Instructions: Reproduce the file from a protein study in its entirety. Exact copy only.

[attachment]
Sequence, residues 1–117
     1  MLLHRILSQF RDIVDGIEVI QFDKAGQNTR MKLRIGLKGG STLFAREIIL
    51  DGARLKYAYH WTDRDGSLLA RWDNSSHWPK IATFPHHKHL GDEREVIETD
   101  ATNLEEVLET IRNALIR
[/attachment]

Sequence, residues 1–117
     1  MLLHRILSQF RDIVDGIEVI QFDKAGQNTR MKLRIGLKGG STLFAREIIL
    51  DGARLKYAYH WTDRDGSLLA RWDNSSHWPK IATFPHHKHL GDEREVIETD
   101  ATNLEEVLET IRNALIR